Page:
OFF THE PORCH with Judy and Don Self
As we write, the 115th Audubon Christmas Bird Count (CBC) is about to get under way. Between the 14th of December and 5th of January, tens of thousands of volunteers will take to the field to count the birds in over 2000 count circles, each 15 miles in diameter. They’ll count for a single 24-hour period, from midnight to 11:59 pm.
There are 11 count circles in Alabama. If you’re interested in participating, you can obtain the contact information for the Compiler for the circle nearest you by visiting the National Audubon Society website, www.birds.audubon.org.
This blog is supposed to be about the Great Backyard Bird Count (GBBC), and about now, you may be asking yourself why they’re describing the Christmas Bird Count. And that’s a valid question.
We enjoy participating in both. And, with the CBC’s only a few days away, we thought some of you might like to give one a try. On the other hand, CBC’s may or may not be located near you. And the date selected for the nearest CBC may or may not fit your calendar. And there is a small participation fee. As an alternative, we’d like to suggest the Great Backyard Bird Count!
The 2015 GBBC begins at 6:00 am CST on Friday, February 13 and continues through Monday, February 16.
A complete description of the project and slide shows of:
- How to participate in the count
- 10 most frequently reported birds in last year’s count
- Tricky bird ID’s and,
- A list of frequently asked questions, visit www.gbbc.birdcount.org.
So, why should we participate? The serious answer is that our observations will provide scientists with crucial data at a scale that would otherwise be impossible attain. From the checklists we submit, scientists are able to track the health of bird populations, identifying the impact of diseases like West Nile virus, and the expansion or contraction of the range of both native and introduced species.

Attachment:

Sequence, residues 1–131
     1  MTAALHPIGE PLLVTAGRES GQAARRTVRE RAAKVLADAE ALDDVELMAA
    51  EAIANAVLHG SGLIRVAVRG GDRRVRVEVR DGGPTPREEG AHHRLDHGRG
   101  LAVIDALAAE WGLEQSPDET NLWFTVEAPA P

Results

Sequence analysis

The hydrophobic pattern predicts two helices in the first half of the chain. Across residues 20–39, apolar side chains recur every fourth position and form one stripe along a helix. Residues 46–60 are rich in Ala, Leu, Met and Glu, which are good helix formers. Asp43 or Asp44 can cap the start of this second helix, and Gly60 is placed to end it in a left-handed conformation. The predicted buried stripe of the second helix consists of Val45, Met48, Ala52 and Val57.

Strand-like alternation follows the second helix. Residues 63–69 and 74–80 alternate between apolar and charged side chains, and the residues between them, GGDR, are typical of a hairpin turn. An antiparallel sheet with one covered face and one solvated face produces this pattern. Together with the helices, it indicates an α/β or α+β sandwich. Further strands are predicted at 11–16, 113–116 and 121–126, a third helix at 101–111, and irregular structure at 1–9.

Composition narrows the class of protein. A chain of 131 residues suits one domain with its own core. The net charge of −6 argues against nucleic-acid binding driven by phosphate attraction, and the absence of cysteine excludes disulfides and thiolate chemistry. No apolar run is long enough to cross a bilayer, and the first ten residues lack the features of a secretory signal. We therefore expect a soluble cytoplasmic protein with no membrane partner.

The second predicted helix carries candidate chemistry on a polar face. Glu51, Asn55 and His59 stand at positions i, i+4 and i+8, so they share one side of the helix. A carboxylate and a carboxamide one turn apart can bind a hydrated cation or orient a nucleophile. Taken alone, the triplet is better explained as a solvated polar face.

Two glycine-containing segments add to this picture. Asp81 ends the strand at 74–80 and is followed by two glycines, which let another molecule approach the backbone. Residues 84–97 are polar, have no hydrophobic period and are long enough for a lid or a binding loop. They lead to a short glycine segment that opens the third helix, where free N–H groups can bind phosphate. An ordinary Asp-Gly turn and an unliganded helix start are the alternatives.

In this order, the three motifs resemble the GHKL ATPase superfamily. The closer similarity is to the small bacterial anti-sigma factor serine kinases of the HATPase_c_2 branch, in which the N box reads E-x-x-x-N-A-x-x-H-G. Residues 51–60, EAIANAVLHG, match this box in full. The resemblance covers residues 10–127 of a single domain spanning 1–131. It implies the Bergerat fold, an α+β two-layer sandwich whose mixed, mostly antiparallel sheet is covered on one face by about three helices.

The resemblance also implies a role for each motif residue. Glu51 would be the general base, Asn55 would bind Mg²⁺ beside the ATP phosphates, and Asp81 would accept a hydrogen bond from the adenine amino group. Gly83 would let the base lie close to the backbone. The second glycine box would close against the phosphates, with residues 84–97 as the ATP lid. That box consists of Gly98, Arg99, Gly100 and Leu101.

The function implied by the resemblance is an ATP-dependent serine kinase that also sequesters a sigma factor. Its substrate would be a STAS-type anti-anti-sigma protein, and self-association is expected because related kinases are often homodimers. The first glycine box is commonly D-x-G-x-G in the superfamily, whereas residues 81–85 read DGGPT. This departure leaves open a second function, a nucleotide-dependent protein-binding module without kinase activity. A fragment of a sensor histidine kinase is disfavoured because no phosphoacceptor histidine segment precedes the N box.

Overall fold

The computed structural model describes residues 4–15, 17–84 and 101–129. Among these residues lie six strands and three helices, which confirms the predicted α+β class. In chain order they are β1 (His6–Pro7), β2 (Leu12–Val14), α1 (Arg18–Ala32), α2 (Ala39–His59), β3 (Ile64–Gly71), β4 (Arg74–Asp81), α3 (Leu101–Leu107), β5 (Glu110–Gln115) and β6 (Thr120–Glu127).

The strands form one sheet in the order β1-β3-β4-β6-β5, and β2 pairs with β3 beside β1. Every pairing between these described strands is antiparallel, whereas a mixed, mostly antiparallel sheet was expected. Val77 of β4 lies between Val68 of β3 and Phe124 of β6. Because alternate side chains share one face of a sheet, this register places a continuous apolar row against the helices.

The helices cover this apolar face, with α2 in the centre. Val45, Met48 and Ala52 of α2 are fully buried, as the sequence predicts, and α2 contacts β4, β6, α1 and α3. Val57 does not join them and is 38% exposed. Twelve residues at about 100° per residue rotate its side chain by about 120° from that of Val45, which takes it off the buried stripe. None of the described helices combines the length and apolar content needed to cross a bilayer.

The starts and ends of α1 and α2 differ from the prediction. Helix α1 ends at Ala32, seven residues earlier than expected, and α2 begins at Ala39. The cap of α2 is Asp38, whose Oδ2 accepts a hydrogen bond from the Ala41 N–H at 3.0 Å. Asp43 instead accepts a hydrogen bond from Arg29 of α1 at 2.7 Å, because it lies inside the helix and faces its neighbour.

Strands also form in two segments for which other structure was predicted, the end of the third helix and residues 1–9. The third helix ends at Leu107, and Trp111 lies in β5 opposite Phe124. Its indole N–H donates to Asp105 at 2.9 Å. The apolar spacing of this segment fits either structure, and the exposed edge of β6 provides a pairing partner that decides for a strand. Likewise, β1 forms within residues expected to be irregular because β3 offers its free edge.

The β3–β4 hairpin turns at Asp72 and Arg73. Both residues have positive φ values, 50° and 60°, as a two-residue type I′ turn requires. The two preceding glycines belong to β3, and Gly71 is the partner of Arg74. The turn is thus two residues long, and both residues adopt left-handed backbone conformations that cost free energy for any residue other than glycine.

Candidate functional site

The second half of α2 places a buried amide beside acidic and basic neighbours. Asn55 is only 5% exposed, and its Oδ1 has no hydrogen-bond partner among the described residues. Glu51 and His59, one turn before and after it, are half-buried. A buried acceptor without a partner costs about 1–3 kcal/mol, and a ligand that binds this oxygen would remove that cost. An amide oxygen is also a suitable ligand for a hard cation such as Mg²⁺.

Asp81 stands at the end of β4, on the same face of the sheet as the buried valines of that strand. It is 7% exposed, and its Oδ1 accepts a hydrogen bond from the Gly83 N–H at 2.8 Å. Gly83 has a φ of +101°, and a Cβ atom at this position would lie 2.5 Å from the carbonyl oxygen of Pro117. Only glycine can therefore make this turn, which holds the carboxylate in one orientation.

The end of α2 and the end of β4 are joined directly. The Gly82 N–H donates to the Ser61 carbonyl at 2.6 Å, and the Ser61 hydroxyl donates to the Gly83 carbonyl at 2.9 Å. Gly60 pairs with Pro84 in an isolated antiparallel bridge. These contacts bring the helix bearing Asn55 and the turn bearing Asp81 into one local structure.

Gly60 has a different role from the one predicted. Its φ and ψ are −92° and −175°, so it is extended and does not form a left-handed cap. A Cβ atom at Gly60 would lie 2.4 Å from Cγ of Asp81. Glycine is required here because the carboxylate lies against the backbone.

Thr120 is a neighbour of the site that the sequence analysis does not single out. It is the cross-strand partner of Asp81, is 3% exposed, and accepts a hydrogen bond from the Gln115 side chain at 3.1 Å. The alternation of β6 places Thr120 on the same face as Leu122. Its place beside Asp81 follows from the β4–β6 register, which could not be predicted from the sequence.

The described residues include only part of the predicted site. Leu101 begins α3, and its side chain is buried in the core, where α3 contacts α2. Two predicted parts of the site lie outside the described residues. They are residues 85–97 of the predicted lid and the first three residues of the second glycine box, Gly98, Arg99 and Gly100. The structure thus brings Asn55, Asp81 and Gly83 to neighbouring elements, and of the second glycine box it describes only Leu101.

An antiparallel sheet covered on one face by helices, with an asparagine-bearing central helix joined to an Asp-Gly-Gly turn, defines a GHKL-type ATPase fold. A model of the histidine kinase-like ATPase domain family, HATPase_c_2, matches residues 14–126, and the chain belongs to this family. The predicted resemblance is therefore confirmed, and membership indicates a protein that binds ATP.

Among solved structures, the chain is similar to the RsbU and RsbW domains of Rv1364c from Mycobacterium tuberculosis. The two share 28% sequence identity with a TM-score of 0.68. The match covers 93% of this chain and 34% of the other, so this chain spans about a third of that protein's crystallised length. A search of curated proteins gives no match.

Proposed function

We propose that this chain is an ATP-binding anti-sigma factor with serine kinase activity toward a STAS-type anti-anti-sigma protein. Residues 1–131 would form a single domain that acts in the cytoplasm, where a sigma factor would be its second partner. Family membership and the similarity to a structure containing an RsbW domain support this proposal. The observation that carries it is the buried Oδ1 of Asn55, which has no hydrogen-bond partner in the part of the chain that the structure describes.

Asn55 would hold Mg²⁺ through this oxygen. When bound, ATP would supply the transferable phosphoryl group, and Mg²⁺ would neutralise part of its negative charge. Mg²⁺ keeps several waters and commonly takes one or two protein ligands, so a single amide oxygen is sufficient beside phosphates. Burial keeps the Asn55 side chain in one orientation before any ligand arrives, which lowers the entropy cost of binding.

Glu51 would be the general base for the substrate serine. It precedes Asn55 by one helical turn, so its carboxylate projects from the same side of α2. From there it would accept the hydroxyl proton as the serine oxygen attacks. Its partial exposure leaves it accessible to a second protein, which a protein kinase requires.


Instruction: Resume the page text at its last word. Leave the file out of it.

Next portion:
For school-age youngsters, the GBBC provides an opportunity to participate in real, hands-on science.
For you outdoor types, who’ve just begun to experience the first twinges of cabin fever, it’s an excuse to get out of the house. And the more domesticated among us can observe from the comfort of their easy chair with a cup of Java or hot chocolate in hand. In either case, it’s easy, fun and it’s free!
You can participate if you can count birds for at least 15 minutes on one or more days of the count and you can enter their sightings online at www.gbbc,birdcount.org.
All skill levels and ages are welcome. And for the beginner and intermediate bird watcher, Cornell’s Merlin bird identification app is available at www.merlin.allaboutbirds.org.
Unlike the CBC, you can count anywhere you find birds. Your backyard and around your bird feeders works, but also think of the local municipal or Corps of Engineers park, your favorite wetlands, or a local wildlife refuge, and may I suggest, one or more of the stops on Alabama’s Birding Trails. Stops on the trails are open to the public and have habitat that attracts birds.
And if you simply can’t pry yourself out of that recliner, drag it and your binoculars, favorite field guide and a blank checklist over to a window where you can keep an eye on your backyard and count away!
The “bird observatory” at Almosta Farm. It’s nowhere near off the porch, but the birds are great and you’re never cold and wet!
And finally something for the statisticians in the audience, some numbers from the 2014 GBBC:
|Region||Checklists submitted||Species reported|
*Over 17.7 million individual birds were counted.
For the record, we submitted 30 checklists that included stops on the Piney Woods, Black Belt and West Alabama Birding Trails. Our final tally was 90 species. This year we’re going for 100.